FDA loosens restrictions on nicotine replacement products

Mon Apr 1, 2013 11:16am EDT

April 1 (Reuters) - The U.S. Food and Drug Administration is
relaxing its restrictions on the use of over-the-counter
nicotine patches, gum and lozenges.
    Currently, consumers are instructed to stop smoking when
they begin using a nicotine replacement product and to stop
using it after 12 weeks.
    The FDA plans to remove both these restrictions in response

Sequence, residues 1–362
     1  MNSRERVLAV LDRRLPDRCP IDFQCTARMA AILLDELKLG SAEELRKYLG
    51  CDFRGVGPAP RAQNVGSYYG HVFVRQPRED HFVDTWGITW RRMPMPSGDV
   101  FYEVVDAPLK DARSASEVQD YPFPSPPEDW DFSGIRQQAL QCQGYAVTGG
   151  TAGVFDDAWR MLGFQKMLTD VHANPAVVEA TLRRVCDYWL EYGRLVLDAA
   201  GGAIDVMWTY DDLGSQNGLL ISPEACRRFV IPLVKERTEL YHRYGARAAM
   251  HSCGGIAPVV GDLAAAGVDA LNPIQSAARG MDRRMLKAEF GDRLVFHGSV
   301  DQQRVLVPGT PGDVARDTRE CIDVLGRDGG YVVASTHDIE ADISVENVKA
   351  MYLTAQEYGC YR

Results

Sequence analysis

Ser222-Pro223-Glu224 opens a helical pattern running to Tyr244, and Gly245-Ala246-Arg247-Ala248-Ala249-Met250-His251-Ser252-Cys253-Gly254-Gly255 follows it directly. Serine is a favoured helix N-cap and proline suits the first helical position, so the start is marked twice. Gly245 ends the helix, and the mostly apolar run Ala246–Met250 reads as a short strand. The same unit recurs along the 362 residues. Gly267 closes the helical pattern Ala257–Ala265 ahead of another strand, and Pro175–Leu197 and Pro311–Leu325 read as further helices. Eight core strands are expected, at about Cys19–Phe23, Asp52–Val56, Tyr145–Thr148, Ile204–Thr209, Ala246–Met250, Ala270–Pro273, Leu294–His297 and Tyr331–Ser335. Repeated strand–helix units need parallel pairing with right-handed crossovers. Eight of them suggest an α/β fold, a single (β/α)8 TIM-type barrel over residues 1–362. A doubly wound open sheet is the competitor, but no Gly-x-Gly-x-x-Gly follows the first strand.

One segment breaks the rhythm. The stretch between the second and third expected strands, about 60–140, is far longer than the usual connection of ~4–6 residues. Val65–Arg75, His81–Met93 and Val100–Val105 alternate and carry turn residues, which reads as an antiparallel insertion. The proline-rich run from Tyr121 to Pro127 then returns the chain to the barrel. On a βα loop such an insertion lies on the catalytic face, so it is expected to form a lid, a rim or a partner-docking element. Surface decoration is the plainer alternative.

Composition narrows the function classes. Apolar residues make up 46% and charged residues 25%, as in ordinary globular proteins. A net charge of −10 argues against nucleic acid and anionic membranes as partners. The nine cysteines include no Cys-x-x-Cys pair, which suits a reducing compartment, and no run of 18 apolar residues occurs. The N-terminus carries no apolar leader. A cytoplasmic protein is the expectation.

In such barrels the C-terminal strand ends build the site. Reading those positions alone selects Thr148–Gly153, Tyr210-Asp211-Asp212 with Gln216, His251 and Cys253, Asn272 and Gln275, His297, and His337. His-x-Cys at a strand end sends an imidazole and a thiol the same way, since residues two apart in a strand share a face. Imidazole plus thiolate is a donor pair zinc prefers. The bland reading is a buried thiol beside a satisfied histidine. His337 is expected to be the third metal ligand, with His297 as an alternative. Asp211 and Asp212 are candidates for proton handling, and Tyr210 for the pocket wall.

to claims by critics that they may cause some smokers to abandon
attempts to quit if they have a cigarette while on a replacement
therapy.
    Allowing people to stay on a nicotine replacement for longer
than 12 weeks may increase their chance of quitting, they say.
    The FDA said nicotine patches and gum were first approved
between 1984 and 1992, while nicotine lozenges and mini-lozenges
were approved in 2002-2009.
    After reviewing published literature, the agency said it has
determined that the concomitant use of cigarettes and other
nicotine-containing products "does not raise significant safety
concerns."
    

 (Reporting By Toni Clarke in Washington; editing by Sofina
Mirza-Reid)
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